Mortgage lenders devise more ways to say yes


Washington -- If you don't own a home because you assume that your income, cash reserves or employment history rule you out, think again: Banks, thrift institutions and other mortgage lenders literally are rewriting their rule books to get you into a house.

Part of the reason is political pressure from Congress and the Clinton administration to increase their "affordable" lending to first-time and moderate-income purchasers.

But equally important is the realization by lenders that there are profits to be made -- safely -- by reaching to renters who don't believe they qualify for a home mortgage.

A new, national study by the Consumer Bankers Association provides dramatic documentation of just how eager lenders are to stretch their traditional guidelines and loan-making practices.

Of 130 institutions surveyed across the country, 96 percent of those responding have cut their standard down-payment requirements for moderate-income buyers. The average "affordable housing" down-payment requirement: Just 4.2 percent, $4,200 on a $100,000 loan.

Over 93 percent of the lenders responding have also adopted more lenient, flexible standards for one of the most crucial ingredients in the mortgage process: The ratio of your debts to your income. Although the standard "front-end" ratio -- your projected monthly housing payment compared with your monthly income -- is 28 percent, lenders in the study averaged 33 percent for first-time, moderate-income purchasers.

The same sort of stretch can be seen on their "back-end" ratio requirements -- that is, your total monthly debt load (mortgage plus charge accounts, car payments, student loans, etc.) -- vs. your monthly income. Instead of the 36 percent ceiling they've used in their conventional mortgage programs, lenders looking for moderate-income purchasers averaged over 39 percent.

That means that with a $3,000 per month income, you could have debts of $1,182 with a bank's more flexible rule compared with $1,080 under its traditional standards.

Other major areas where lenders are trying to bend over backward to work with first-time and moderate income buyers, according to respondents in the study:

* More flexible approaches to credit histories. More than 94 percent of the lenders, for instance, said they now look at "alternative" measurements of creditworthiness, such as your rent payments or utility payments.

Gone are the days where first-time applicants get automatic turndowns because they don't have credit cards in their wallets, or immaculate credit bureau files.

* More accommodating approaches on employment histories. Fully 79 percent of the lenders responding to the survey say they have liberalized their standards regarding the length of time in employment, numbers of jobs held during recent years, and the like. You don't have to demonstrate that you've been in the same position -- or the same field -- for an extended period.

You do have to convince the bank, however, that your income stream from your employment is likely to be stable, and that you're not prone to switch jobs every other month.

Symbolic of the aggressive outreach efforts by lenders to moderate-income and first-time buyers is a national "alternative qualification" program from the Federal Home Loan Mortgage Corp. (Freddie Mac). Available as of late September through at least seven of the largest-volume mortgage companies in the country, the "AQ" program is expressly designed for buyers who would be frozen out of homeownership using traditional lending guidelines.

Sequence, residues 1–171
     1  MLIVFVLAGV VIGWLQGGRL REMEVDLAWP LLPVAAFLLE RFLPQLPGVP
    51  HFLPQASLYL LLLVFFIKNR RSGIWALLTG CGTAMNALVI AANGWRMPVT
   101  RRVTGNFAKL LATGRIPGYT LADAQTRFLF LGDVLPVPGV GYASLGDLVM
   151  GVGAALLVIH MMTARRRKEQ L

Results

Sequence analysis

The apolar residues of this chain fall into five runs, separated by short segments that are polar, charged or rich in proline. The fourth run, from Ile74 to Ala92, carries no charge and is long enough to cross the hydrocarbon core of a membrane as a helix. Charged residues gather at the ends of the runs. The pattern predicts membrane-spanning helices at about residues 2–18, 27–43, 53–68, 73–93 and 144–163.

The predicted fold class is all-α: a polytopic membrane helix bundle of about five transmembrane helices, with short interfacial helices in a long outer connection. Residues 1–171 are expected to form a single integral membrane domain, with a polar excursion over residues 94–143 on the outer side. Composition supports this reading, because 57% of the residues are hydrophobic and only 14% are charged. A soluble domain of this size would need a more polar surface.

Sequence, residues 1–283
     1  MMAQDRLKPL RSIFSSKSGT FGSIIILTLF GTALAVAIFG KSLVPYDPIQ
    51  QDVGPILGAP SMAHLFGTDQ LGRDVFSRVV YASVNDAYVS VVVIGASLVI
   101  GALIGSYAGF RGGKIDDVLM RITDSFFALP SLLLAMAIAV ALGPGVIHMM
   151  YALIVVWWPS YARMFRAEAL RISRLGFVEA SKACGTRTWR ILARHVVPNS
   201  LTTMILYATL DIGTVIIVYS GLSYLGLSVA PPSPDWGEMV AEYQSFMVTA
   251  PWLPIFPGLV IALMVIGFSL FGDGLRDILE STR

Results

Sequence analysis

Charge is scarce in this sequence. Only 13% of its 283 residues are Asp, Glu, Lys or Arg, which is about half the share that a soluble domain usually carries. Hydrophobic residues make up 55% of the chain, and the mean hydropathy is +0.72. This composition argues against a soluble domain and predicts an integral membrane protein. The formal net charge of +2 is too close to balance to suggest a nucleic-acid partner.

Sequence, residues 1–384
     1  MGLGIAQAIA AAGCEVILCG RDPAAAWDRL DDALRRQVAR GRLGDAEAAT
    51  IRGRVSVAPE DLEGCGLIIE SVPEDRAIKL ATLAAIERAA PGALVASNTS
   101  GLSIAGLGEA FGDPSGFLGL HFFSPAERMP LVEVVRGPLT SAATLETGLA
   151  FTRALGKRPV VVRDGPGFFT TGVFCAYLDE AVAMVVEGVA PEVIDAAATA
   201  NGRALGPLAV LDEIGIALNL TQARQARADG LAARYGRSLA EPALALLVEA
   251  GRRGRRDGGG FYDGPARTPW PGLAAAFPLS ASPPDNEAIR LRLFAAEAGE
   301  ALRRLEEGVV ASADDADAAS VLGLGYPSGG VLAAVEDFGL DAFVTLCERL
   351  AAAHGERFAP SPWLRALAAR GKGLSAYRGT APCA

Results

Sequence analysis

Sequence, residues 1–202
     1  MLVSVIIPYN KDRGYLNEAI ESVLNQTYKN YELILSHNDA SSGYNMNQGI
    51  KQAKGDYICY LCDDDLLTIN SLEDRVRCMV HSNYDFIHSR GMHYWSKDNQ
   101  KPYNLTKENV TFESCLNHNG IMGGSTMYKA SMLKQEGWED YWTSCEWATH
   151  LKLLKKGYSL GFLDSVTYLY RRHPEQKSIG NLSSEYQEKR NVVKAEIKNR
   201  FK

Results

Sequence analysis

The program assigns extra weight to your household cash flow -- the money you can demonstrate is coming in -- rather than focusing heavily on your household debt load. As proof of your ability to pay your monthly mortgage, lenders using AQ look at the rent payments you've been making, among other factors. If you've been regularly handing your landlord a check for $900 for the past year, for instance, the AQ approach takes that as a good indication that you can afford a mortgage payment somewhere in the same neighborhood.

Here's a hypothetical example supplied by Freddie Mac that shows how a lender would use the AQ method to size you up:

Say your gross annual income is $23,800 and you've got a good credit history. Your monthly rent and utilities payments for the last 12 months have been $992. Add to that the monthly federal and state income taxes you'll now save from mortgage interest deductions ($30) and your documented monthly savings deposit history ($25). That gives you $1,047 in potential money to make a mortgage payment.

Subtract from that your projected monthly utilities payments ($100), property taxes ($100) and hazard insurance ($15), and you come up with a maximum allowable principal and interest payment of $832 under the AQ method.

So how does that compare with traditional loan qualification standards? There's a dramatic difference. Using the long-customary 28 percent housing debt-to-household income ratio (excluding taxes and insurance), and you only qualify for monthly mortgage payments of $555. That means a considerably smaller maximum mortgage amount, and a considerably lower-cost house.

The bottom line here for renters? Stop thinking you don't qualify to buy a house. Mortgage lenders are truly finding more ways to say yes.

Kenneth R. Harney is a syndicated columnist. Send letters care of the Washington Post Writers Group, 1150 15th St. N.W., Washington, D.C. 20071.

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